Water-Use Efficiency and Yield of Sainfoin and Alfalfa
- T. P. Bolger* and
- A. G. Matches
Water is often the primary limiting resource for forage production in semiarid and arid regions. Our objective was to determine yield and water-use efficiency (WUE) of sainfoin (Onobrychis viciifolia Scop.) and alfalfa (Medicago sativa L.) as related to evapotranspiration (ET). Species were grow* in rows under an irrigation gradient. Total seasonal yields were a linear function (r2 = 0.87-0.97) of ET for both species. Maximum sainfoin yields were 85% of alfalfa (20.7 Mg ha-1). Sainfoin produced 58 to 63% of its total yield in the first two harvests as compared to 41 to 46% for alfalfa. When soil water was adequate for spring growth, sainfoin was ready to harvest 2 wk earlier than alfalfa. Total ET of both species was similar. Seasonlong WUE of alfalfa (18.3 kg ha-1 mm-1) was greater than sainfoin (10.7 kg ha-1 mm-'1) in 1986 due to a lack of water in spring when sainfoin yield potential and WUE is highest. In 1987, seasonal WUE of sainfoin and alfalfa was similar (18.2 vs. 16.7 kg ha-1 mm-1), but alfalfa had a smaller evaporation (E) component giving it greater overall WUE and yield. Sainfoin WUE was high in spring and declined in summer. Alfalfa WUE remained high throughout the spring and summer. Both species had low WUE in the fall due to dormancy responses. Differences in leaf area index (LAI) account for differences in E between sainfoin and alfalfa. Sudden death of sainfoin plants in summer was observed under low irrigation; therefore, moderate levels of summer irrigation may be necessary to prevent stand loss. In dryland areas, sainfoin's greatest utility is for early season irrigated pasture or hay.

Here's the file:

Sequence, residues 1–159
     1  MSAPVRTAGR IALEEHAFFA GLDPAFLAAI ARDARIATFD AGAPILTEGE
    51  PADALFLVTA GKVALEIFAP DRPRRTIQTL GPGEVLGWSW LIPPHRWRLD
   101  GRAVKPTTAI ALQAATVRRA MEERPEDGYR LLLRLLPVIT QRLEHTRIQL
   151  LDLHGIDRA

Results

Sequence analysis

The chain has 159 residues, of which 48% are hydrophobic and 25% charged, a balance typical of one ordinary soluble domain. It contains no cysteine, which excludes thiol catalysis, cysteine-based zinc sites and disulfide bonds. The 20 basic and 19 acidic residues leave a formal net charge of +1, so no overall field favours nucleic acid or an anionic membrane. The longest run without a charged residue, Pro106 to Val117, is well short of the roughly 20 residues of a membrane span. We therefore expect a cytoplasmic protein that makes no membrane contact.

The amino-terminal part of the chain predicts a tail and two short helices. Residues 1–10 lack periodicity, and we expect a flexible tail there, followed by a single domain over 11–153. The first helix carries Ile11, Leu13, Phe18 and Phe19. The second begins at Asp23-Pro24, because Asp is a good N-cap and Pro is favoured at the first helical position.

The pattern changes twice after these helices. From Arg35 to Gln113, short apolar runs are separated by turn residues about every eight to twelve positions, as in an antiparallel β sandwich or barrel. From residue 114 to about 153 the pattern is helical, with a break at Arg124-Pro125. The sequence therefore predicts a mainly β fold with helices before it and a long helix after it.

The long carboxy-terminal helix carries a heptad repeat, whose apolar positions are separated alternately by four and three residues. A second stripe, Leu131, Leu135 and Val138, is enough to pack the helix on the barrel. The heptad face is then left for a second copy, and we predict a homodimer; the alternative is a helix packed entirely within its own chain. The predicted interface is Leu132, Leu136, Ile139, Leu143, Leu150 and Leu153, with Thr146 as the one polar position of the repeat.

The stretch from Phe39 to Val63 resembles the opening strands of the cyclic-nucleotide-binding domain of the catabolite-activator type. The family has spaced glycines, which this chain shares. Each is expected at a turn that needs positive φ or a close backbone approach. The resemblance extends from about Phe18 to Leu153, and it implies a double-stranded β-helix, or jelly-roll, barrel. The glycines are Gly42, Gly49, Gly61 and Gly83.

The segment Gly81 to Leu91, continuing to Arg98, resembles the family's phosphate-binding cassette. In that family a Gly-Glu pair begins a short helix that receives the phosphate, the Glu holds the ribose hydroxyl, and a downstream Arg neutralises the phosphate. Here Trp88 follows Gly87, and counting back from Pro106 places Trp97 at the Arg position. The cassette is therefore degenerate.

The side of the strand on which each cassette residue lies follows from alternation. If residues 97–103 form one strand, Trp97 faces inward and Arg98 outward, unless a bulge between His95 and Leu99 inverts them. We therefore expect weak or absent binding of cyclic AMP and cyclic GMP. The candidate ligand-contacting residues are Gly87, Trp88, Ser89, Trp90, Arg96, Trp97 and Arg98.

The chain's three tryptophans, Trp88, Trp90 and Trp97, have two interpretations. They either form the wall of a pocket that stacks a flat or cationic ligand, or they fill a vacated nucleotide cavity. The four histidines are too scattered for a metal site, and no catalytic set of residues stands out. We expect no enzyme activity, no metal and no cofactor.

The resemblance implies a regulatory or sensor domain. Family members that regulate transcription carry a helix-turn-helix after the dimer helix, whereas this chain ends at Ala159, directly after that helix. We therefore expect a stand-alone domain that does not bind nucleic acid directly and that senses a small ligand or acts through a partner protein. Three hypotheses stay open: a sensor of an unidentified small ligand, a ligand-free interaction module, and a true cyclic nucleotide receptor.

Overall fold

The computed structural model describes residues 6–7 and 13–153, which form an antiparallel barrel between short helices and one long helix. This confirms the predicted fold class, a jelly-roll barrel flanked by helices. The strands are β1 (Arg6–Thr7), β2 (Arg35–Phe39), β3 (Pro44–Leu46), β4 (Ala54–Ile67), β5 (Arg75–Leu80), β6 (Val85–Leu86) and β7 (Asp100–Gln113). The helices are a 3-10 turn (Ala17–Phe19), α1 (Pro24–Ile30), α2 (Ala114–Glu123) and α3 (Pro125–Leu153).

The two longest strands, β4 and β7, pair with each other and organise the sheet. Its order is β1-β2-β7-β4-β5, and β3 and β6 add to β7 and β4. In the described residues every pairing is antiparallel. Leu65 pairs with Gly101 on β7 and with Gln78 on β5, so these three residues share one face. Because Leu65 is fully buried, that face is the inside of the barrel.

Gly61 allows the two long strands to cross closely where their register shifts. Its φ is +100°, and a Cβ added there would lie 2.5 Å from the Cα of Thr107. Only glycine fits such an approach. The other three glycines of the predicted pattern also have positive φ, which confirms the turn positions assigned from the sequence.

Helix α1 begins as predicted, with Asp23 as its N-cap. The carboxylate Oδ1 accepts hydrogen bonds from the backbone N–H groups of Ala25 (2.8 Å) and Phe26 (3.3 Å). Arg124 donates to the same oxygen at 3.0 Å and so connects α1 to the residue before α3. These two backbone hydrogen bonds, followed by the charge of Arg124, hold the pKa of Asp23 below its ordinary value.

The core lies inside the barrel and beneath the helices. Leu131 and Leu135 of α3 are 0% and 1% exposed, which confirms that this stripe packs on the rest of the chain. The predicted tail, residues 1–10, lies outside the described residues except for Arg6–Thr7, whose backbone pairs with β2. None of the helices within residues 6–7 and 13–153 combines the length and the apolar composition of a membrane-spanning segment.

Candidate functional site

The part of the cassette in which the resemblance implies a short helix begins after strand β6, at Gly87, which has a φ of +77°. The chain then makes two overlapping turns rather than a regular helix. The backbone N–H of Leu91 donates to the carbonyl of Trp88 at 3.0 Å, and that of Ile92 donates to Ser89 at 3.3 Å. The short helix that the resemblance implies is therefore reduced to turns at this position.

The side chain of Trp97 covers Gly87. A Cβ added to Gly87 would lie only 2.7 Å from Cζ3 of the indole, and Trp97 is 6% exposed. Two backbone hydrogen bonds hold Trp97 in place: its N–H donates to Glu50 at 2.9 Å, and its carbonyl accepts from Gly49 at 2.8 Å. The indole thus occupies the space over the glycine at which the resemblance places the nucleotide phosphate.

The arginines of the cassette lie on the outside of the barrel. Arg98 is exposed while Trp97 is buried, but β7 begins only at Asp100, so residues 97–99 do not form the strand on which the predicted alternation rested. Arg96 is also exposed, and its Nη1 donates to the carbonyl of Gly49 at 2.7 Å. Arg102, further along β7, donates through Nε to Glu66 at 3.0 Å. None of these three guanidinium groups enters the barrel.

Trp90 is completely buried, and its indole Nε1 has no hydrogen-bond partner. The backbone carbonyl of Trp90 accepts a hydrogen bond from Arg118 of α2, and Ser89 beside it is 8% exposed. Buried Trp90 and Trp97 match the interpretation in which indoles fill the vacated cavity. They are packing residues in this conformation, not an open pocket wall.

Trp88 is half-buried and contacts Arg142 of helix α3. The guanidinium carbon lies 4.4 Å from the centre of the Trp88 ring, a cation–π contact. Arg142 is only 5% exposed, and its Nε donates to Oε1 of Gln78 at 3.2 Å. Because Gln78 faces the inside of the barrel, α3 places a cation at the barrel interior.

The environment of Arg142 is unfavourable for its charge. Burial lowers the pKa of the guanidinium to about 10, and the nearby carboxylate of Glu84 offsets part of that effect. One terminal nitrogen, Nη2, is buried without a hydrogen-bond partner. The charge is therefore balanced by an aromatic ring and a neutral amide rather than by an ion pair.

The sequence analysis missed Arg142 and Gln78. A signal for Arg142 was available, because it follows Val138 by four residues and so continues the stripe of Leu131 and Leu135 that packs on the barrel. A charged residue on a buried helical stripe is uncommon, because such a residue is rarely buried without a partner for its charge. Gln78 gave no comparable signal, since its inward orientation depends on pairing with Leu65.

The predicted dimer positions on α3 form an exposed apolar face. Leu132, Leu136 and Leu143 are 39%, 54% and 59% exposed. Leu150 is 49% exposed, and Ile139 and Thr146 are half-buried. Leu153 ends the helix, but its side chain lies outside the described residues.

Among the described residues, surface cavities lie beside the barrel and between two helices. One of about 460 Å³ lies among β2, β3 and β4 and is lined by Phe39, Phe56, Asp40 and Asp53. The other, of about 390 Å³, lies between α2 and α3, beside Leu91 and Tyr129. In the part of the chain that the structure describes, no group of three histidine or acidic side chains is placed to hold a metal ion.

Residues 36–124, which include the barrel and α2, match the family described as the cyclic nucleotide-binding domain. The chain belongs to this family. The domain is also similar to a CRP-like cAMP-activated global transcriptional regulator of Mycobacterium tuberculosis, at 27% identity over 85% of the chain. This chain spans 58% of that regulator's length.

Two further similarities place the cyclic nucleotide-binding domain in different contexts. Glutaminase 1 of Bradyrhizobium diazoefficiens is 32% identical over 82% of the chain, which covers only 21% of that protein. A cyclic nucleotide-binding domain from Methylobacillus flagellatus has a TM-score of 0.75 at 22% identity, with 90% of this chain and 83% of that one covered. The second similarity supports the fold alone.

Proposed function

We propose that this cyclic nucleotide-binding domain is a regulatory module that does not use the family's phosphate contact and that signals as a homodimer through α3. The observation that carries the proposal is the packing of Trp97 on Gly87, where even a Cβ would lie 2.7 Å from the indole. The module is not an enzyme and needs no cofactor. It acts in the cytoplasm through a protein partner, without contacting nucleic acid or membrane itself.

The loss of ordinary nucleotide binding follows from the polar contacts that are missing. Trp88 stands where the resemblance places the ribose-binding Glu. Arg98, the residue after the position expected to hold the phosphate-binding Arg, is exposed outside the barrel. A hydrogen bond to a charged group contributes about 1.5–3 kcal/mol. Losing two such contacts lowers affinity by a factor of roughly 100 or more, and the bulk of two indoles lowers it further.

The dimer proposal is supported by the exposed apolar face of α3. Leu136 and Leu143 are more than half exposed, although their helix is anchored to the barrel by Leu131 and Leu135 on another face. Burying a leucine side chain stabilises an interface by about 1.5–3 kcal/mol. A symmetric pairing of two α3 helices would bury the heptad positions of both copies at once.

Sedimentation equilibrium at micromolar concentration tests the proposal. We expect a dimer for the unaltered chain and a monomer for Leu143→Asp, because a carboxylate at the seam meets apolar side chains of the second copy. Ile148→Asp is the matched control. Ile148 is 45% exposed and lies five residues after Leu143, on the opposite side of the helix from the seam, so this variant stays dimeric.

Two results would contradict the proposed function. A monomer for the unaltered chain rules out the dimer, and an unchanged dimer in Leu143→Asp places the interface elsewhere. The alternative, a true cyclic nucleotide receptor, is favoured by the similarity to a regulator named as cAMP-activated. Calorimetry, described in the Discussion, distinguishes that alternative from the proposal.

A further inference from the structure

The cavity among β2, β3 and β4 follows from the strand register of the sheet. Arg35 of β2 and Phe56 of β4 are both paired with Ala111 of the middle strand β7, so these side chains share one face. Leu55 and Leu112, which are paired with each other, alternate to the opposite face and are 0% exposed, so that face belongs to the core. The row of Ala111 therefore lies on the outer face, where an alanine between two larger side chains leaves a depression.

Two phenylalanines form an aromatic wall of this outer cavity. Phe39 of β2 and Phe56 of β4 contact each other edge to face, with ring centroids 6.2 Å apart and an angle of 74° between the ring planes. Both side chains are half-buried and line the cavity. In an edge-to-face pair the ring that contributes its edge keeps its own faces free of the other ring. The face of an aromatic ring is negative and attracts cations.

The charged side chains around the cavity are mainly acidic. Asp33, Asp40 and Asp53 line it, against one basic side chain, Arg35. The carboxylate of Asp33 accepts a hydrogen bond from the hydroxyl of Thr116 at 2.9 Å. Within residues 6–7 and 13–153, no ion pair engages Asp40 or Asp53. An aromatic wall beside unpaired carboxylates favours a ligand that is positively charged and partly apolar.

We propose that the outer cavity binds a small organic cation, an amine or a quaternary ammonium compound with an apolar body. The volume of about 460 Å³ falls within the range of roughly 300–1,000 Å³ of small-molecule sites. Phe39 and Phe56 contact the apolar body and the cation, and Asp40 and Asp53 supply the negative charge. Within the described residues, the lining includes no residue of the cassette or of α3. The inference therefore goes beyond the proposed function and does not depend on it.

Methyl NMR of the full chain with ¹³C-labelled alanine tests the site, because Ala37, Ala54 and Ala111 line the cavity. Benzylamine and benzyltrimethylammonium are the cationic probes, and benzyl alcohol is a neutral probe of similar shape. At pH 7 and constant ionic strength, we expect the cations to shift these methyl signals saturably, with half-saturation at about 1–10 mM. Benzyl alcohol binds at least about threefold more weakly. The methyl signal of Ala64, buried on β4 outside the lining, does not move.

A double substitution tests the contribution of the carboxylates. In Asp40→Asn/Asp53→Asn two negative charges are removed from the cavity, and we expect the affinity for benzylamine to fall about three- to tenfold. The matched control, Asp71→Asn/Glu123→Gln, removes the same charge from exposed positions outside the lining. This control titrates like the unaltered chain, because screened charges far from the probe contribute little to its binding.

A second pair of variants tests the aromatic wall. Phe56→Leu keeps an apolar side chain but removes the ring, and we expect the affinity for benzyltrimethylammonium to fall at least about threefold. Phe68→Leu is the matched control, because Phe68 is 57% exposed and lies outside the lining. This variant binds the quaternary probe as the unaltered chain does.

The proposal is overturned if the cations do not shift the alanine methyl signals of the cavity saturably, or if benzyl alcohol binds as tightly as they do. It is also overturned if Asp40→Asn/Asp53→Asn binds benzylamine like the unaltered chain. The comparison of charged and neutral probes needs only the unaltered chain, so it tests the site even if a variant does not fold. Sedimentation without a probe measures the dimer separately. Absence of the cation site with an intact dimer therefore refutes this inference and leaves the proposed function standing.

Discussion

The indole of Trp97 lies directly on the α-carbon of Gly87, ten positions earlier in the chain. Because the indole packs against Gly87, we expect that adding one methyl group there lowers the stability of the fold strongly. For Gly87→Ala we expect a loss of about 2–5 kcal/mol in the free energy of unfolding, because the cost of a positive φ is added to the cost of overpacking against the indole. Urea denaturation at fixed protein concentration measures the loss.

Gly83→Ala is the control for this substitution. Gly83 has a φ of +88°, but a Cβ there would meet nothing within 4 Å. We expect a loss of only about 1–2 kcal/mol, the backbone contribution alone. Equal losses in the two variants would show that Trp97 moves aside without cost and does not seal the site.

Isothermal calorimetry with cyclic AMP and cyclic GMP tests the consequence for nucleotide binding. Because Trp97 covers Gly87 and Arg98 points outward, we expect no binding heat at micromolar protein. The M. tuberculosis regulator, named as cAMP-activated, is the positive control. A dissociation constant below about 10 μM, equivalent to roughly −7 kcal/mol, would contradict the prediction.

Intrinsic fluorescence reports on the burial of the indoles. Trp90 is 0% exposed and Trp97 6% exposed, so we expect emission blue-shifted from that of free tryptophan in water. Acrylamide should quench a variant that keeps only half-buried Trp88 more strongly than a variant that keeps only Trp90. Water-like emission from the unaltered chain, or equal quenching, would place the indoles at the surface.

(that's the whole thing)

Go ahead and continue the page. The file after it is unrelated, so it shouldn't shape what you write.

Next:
Copyright © 1990.